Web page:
I Think My Ex Is An Alcoholic, How Can I Best Protect My Children If I’m The Non-Custodial Parent?

There are many ways children can be harmed by an alcoholic parent. They include being injured in a car accident, physical or emotional abuse and being introduced to alcohol through its availability. It is important for you to find ways to protect your children from a custodial parent who is an alcoholic.

In this Divorced Fathers Rights guide we outline how to protect your children if you think your ex is an alcoholic.

Tell the Court of Your Concern

You can talk to the court directly, but you should discuss it with your divorce attorney too. They might have a strategy in mind that will best protect your children. In cases such as this, the court will often hold an emergency hearing to review the facts. If you have credible witnesses who can attest to your ex-spouse’s alcohol problem, resulting abuse driving after consuming alcohol, they should be presented.

The court might mandate an evaluation, and if it is determined that the custodial parent has a drinking problem, alcohol counseling or even in-patient rehab might be mandated. Or, the court may order the ex-spouse not to drive with the kids within 12 hours of drinking. In some cases the court will demand that the parent stop drinking and will require them to be tested for drugs and alcohol on a regular basis for a period of 3-6 months, possibly longer.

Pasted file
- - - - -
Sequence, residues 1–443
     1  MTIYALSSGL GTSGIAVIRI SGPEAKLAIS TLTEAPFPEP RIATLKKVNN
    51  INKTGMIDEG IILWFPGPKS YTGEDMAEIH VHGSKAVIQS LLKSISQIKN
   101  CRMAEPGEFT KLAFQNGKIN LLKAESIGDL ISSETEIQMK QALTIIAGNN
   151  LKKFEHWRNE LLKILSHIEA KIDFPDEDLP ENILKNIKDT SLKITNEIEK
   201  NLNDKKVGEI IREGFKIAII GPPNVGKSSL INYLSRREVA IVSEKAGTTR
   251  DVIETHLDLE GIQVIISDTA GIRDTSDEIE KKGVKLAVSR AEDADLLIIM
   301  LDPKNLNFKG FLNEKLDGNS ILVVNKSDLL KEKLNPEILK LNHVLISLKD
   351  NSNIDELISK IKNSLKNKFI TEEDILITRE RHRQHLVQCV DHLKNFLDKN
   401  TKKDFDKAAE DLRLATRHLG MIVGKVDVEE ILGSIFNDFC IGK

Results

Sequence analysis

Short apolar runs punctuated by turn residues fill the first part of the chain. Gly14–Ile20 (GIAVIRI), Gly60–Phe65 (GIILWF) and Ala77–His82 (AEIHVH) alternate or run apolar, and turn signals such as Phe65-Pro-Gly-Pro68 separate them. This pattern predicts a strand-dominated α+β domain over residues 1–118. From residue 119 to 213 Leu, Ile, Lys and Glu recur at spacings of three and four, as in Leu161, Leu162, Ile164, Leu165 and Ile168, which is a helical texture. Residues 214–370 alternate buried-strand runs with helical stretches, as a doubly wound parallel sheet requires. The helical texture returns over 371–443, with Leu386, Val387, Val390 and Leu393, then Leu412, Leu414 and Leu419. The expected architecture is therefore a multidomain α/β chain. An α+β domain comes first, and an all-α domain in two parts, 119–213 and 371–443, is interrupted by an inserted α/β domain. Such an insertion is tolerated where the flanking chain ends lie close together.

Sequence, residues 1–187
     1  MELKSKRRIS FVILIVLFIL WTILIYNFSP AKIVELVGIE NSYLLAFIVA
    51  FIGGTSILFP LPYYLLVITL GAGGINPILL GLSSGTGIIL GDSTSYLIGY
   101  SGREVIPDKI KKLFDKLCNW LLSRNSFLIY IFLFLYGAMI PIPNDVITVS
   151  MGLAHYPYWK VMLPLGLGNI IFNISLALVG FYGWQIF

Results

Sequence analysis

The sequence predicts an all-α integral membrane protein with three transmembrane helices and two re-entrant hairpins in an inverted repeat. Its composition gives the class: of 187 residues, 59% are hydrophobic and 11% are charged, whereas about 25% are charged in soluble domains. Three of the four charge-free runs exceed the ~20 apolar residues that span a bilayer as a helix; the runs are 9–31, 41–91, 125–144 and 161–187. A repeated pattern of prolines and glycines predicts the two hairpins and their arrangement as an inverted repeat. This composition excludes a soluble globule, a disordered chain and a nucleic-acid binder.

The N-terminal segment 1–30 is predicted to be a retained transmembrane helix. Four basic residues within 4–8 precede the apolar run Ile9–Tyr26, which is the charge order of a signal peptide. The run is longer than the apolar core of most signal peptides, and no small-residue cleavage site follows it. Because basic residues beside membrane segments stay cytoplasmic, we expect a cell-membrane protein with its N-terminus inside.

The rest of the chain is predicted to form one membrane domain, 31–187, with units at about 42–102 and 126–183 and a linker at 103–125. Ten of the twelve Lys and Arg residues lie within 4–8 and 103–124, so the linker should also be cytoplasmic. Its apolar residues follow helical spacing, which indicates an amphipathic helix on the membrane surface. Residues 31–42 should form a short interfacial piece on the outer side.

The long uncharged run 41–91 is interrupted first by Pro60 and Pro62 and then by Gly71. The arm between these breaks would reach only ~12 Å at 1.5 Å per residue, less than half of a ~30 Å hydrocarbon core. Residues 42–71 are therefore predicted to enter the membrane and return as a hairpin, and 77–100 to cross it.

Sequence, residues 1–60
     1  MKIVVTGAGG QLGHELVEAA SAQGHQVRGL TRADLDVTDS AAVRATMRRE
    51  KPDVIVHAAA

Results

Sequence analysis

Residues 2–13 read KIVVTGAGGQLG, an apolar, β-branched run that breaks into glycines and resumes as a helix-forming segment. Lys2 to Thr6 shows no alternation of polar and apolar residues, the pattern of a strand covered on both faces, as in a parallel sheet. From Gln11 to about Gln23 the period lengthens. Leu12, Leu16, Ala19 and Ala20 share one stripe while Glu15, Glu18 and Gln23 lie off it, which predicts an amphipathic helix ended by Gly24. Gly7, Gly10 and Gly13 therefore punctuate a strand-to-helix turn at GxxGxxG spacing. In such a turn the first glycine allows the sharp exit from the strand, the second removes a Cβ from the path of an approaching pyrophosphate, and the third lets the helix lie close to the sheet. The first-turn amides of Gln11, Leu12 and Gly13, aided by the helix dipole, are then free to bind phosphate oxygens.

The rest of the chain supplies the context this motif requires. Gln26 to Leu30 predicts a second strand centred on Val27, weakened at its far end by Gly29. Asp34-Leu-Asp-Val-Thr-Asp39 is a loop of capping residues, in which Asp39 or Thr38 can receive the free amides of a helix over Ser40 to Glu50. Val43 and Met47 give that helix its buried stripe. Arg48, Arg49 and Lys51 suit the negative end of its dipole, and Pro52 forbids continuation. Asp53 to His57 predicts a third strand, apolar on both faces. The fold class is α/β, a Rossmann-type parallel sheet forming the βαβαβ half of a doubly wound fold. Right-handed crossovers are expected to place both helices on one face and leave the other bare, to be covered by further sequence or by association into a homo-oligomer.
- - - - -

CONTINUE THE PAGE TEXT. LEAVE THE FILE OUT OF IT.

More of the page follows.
Violations of these court-ordered measured designed to protect your kids from an alcoholic parent may result in the custodial parent losing custody. This may not mean, however, that you automatically get sole custody. Your divorce attorney will be able to help you pursue custody.

Talking with your Children

If your children tell you anything that sounds like abuse has taken place, contact your attorney. The next step will be to contact the police or the court. If you are concerned your ex-spouse might be driving while under the influence with the kids in the car, encourage older children to say something to the other parent such as, “you have been drinking, and I don’t want to ride in a car you’re driving.”

You may want to provide the child with a cell phone. If they feel threatened or are forced to ride, they can text you a message. If the parent is driving erratically, the child can text you or dial 911. Perhaps, they can text you where they are going. Call police immediately, and tell them the car’s destination.

Report any such incident to your divorce attorney or to the court directly. If your ex is an alcoholic, this is how you can protect your children if you are the non-custodial parent.

After you read this guide, visit our helpful articles for more information on: child visitationchild supportchild custody issueshow to get legal advice or answers on your state laws,